The collapse of the Soviet Union reintroduced Central Asia to the world, but in a form very different from what had historically existed in the region. Unlike many other parts of the old Soviet Union, Kazakhstan, Kyrghyzstan, Uzekistan, Tajikistan, and Turkmenistan had not sought independence. Independence had been thrust upon them. By default the old Soviet era leaders found themselves leaders of new nations. When their states were component parts of the Soviet Union the arbitrary boundaries between them, their weak historical and economic foundations, and unresolved disputes over land and resources had been muted. People moved back and forth freely, and because policy was set in Moscow, regional leaders were not responsible for justifying economic planning or resource use to their own people. But with independence the new governments suddenly needed to establish their legitimacy and viability as nation states in a radically changed world. Republic borders were now guarded as international borders with all that implied for trade and movement of people. Internally the titular nationality in each republic found itself in the unexpected position of real political dominance, setting the agenda in areas such as national language, political patronage, and citizenship requirements. It was at this point that the new nations began to feel the consequences of their origins most acutely, for whatever decisions they made were bound to have economic and political consequences that affected their neighbors, and not always favorably. And while to the outside world all these Central Asian "-stans" might appear to be the same, in fact they faced quite different problems and future prospects.

Kazakhstan is the largest country in Central Asia by area and the second most populous, with 16.5 million people, although most of its territory is sparsely settled. Oil and gas deposits, an industrial base, and extensive farmland, give Kazakhstan the most diverse economy in the region. It is the only country in Central Asia where the titular ethnic group is a minority (40-42%). Ukrainians and Russians, 44% of the population, dominate the wheat growing areas of northern Kazakhstan and the urban industrial areas. Because the northern Kazakh steppe abuts Russia, the question of the country's boundaries is a sensitive one. If the Kazakhs insist on using their political power to discriminate against the Slavic population, through language policy for example, it could induce an irredentist movement demanding that the area revert to Russia. Russian nationalists have been particularly critical of allowing such a large Russian population to remain under the control of a Central Asian regime. Kazakhstan cannot survive within its present boundaries without multinational model, but of all the Central Asian states it faces the greatest challenge in creating a Kazakh identity for Kazakhstan without alienating the Slavic majority.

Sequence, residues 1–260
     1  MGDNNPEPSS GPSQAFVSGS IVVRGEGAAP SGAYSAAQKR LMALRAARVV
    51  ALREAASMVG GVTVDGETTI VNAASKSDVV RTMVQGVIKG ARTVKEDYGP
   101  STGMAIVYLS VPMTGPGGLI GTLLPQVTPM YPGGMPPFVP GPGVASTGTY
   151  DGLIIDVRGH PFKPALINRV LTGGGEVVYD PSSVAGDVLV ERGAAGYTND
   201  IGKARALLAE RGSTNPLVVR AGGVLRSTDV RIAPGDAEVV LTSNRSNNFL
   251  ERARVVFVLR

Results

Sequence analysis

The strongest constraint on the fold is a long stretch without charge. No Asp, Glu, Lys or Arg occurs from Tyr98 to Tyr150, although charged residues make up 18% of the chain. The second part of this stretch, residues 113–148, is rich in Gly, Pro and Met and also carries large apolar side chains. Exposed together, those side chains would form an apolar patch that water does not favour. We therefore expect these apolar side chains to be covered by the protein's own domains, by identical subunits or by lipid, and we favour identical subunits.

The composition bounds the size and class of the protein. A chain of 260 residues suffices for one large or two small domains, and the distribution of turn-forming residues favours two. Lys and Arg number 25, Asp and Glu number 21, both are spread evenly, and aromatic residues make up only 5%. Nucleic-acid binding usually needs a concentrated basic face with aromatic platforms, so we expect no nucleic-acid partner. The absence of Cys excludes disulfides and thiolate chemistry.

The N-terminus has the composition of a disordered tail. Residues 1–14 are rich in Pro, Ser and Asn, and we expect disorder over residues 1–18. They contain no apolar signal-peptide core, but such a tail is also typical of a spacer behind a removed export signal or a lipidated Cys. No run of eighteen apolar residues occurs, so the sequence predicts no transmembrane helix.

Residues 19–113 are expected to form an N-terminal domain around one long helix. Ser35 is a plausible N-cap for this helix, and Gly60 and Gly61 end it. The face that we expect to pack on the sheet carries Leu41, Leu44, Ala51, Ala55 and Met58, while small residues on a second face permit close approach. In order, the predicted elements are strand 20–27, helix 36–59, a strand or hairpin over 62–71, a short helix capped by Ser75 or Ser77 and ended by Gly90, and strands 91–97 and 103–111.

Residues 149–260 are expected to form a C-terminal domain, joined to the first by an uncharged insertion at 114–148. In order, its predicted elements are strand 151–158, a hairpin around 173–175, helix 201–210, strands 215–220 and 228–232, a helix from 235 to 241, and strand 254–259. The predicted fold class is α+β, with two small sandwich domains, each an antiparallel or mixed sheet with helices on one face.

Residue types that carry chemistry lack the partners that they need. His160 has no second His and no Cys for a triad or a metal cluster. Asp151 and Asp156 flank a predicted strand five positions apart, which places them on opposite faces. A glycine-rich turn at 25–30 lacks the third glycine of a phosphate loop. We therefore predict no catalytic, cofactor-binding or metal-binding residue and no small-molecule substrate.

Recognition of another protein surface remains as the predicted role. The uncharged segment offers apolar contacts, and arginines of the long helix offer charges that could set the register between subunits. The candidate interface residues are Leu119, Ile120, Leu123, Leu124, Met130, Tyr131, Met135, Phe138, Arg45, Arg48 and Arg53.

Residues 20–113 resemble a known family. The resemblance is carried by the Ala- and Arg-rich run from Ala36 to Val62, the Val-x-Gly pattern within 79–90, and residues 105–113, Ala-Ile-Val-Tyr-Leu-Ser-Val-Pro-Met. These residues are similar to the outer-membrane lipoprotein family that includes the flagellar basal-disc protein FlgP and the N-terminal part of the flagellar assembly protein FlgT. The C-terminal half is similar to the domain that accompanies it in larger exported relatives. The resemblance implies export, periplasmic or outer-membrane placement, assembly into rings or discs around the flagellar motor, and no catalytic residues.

Uzbekistan is the most populous country in Central Asia with 20 million people. It inherited most of the key agricultural areas of the old Bukharan, Khivan, and Kokand khanates. In the Soviet period its economy became almost completely dependent on irrigated commercial cotton cultivation, a development that both damaged the land and led to a number of financial scandals in the Soviet period. Although it has the region's major cities of Tashkent, Kukhara, and Samarkand, it has only a very limited industrial base staffed mostly by Russians. The Uzbeks make up the overwhelming majority of the population (71%) although it has been estimated that this figure hides a much larger Tajik population. Of all the new nations Uzbekistan has moved most aggressively in implementing laws requiring the use of the Uzbek language, which most Russians inhabitants do not speak. Although only a small percentage of the population, they and other European groups have been leaving Uzbekistan at a high rate not because of overt hostility but because they see little future there. Other minorities, such Caucasian Turks and Crimean Tatars, forcibly transported to Uzbekistan under Stalin, have also been leaving the region for their old homes. Uzbekistan is often seen as the most powerful state in the region, and the Uzbeks have occasionally advocated a unified Turkestan state that neighbors fear is a ploy for a "Greater Uzbekistan."